Although price should be your primary consideration when shopping for auto insurance, you’ll want to consider it in relation to the quality of service companies provide, especially their claims-handling service. Our auto insurance comparison tool shows you how area auto insurance companies stack up on price and quality.

Our Survey of Policyholders

We asked area consumers (primarily Checkbook and Consumer Reports subscribers) who had recently made auto insurance claims to rate their companies “inferior,” “adequate,” or “superior” on several elements of service. Our auto insurance comparison tool shows what percentage of policyholders rated each company “superior” on each survey question. Click here for a further description of our policyholder survey and other research methods and how to interpret them.

Our ratings reveal big differences in how customers rated companies. For “speed of claim payment,” for example, scores range from 57 percent for Palisades/High Point to more than 90 percent for Amica, Chubb, MetLife, and USAA.

Ratings from Auto Body Shops

We also asked area auto body shops to rate the insurers “poor,” “fair,” “good,” “very good,” or “excellent” on “treating their customers (car owners) fairly.” Our auto insurance comparison tool shows the percent of surveyed shops that rated each company “good,” “very good,” or “excellent,” and the number of ratings each company received.

Surveyed shops gave highest marks to Erie, Fireman’s Fund, and Travelers. Shops rated Ameriprise and Electric lowest.

Complaints

Another way to assess quality is to look at the number of complaints filed against each company with state regulators. While policyholders might rate a company less than “superior” if its deficiencies are minor, filing a formal complaint with a government regulatory agency presumably reflects serious dissatisfaction.

Our auto insurance comparison tool reports counts of private passenger auto insurance complaints filed in New Jersey during 2013 and 2014, and counts of complaints filed in Pennsylvania during 2012, 2013, and 2014, the most recent years for which data were available when we checked. For Pennsylvania, the counts are for all complaints filed; for New Jersey, the counts unfortunately are for only those complaints that the state determined were “valid”—in which it was determined the insurer broke a state or federal law. The problem: If you compare the counts of complaints filed in New Jersey vs. Pennsylvania, you’ll see that New Jersey clearly counts far too few complaints as “valid.” Checkbook is appealing a previous decision made by the New Jersey Department of Banking and Insurance to deny us complaint data for homeowners insurance. As we continue that appeal, we’ll also demand that the state release complete complaint data for auto insurance companies, and will report those data in our ratings tables when we get them.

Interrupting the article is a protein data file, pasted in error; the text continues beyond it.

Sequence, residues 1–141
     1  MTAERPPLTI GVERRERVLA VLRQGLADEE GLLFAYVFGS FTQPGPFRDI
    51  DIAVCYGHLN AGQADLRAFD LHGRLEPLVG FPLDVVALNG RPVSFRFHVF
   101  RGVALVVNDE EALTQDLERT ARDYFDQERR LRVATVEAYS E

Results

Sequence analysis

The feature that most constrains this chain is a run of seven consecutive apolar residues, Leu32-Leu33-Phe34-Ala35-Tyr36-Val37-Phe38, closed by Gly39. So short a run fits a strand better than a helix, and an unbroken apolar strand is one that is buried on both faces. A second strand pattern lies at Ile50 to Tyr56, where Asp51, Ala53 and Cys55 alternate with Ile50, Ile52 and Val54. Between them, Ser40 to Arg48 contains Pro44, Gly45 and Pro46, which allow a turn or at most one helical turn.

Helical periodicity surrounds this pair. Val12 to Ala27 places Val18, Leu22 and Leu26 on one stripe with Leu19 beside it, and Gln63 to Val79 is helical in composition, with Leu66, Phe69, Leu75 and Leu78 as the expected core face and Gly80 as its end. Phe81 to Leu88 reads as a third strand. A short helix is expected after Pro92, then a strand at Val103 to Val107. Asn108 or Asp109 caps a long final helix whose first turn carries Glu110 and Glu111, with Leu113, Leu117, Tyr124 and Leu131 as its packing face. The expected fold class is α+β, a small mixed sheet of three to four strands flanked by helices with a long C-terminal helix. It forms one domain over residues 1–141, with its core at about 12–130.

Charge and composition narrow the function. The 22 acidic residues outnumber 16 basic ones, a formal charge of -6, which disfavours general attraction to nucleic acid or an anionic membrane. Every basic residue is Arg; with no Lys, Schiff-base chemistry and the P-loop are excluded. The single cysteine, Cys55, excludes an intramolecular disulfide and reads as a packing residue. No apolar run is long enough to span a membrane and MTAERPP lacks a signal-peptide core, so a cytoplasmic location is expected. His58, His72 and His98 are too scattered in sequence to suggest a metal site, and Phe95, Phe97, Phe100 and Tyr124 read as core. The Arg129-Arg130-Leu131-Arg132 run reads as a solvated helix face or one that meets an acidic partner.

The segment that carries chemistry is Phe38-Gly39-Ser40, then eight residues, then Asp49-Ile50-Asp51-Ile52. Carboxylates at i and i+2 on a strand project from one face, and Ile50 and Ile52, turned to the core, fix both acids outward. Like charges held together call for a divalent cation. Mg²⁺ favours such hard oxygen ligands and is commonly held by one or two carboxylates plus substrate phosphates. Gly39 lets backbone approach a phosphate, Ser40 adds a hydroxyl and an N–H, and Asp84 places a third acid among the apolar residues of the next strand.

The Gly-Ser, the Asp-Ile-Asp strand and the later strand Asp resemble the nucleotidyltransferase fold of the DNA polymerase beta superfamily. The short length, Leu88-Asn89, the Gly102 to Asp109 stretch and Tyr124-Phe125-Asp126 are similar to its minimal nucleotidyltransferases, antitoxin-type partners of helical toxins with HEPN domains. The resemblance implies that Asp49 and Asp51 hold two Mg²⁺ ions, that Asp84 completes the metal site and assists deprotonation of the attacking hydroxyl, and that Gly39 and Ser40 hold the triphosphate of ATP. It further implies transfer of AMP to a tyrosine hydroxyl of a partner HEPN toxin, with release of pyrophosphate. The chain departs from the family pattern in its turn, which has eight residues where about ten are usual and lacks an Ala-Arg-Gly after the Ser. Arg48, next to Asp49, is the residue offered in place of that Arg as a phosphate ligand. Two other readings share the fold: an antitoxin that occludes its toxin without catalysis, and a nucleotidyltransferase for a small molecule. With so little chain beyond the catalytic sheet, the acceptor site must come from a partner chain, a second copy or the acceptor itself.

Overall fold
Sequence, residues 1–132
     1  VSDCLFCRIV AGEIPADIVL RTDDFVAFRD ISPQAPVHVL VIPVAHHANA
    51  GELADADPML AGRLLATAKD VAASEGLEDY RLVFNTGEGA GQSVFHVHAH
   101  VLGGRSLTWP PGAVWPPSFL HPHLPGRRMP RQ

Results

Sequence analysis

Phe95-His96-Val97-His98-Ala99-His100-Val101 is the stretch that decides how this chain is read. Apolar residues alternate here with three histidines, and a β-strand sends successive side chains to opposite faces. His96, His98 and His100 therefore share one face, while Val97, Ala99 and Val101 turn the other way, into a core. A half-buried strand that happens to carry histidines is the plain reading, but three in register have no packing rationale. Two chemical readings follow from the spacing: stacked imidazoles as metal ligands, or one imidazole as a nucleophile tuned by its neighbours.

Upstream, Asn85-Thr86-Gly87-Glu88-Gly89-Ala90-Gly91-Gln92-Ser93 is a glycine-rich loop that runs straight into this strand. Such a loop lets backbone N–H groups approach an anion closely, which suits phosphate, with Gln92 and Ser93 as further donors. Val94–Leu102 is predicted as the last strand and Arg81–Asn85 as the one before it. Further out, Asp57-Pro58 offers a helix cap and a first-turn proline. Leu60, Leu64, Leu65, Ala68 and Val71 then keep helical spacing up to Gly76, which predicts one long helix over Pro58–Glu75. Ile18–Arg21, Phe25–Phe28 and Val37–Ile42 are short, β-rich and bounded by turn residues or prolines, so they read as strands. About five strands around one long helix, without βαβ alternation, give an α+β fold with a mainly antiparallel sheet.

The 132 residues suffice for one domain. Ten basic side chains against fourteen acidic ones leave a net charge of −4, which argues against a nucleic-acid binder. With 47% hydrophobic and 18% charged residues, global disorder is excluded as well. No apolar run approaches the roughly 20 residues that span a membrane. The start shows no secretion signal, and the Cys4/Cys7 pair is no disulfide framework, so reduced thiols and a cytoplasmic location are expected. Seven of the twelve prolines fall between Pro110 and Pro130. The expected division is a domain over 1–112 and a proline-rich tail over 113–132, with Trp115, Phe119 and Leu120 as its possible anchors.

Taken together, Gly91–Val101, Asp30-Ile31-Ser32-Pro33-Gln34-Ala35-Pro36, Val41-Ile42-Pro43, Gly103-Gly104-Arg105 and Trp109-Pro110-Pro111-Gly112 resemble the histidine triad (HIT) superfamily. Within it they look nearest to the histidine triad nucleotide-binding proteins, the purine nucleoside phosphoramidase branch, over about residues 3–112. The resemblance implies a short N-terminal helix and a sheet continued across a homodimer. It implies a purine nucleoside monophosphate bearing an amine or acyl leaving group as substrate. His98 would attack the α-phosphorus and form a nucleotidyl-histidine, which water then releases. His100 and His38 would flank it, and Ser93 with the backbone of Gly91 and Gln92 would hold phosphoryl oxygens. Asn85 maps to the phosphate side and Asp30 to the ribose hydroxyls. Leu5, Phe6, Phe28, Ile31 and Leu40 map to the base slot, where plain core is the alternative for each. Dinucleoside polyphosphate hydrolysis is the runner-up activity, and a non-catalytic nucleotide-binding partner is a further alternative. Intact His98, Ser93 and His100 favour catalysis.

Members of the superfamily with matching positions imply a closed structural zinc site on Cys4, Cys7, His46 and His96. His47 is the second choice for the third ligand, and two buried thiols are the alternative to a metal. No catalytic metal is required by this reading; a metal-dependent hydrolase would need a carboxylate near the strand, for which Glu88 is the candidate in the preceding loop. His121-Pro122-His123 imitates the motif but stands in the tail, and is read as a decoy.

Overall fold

The complaint rates we report take into account the fact that companies that do much more business than others are likely to incur more complaints. The complaint rates for New Jersey are calculated as the companies’ total number of complaints per 100,000 vehicles insured; for Pennsylvania, they are calculated as the total number of complaints per $10 million dollars in private passenger auto insurance premiums written.

Non-renewals and Terminations

You don’t want to sign on with an insurer that will terminate your coverage or jack up your rates if you get a speeding ticket or file a claim. Getting dropped by an insurer is at best inconvenient—most insurance companies charge very high rates to customers who had coverage terminated by other companies. At worst you’ll have to enroll in a special plan for high-risk drivers, which is the most costly option of all.

Laws in Delaware, New Jersey, and Pennsylvania place restrictions on insurance companies for policy terminations. It is relatively easy in all three states to cancel a policy during the policy’s first 60 days while a company checks the accuracy of its policyholders’ applications. After that, termination is much more difficult. Even at the time of renewal, there are restraints and certain procedures that must be followed.

Our survey of policyholders asked them to rate their companies on “not unreasonably cutting coverage.” But because cancellations are fairly uncommon, we don’t recommend spending a lot more money to sign on with a company with a great cancellation record. Fortunately, because some of the lowest-priced companies also receive high ratings on our survey for termination practices, you shouldn’t have to.

Of course, even if a company doesn’t drop you it can still dramatically increase your premium in response to an accident or violation, forcing you to terminate on your own to find a lower-priced company. Our survey results for “not unreasonably raising premium” reveals big company-to-company variation.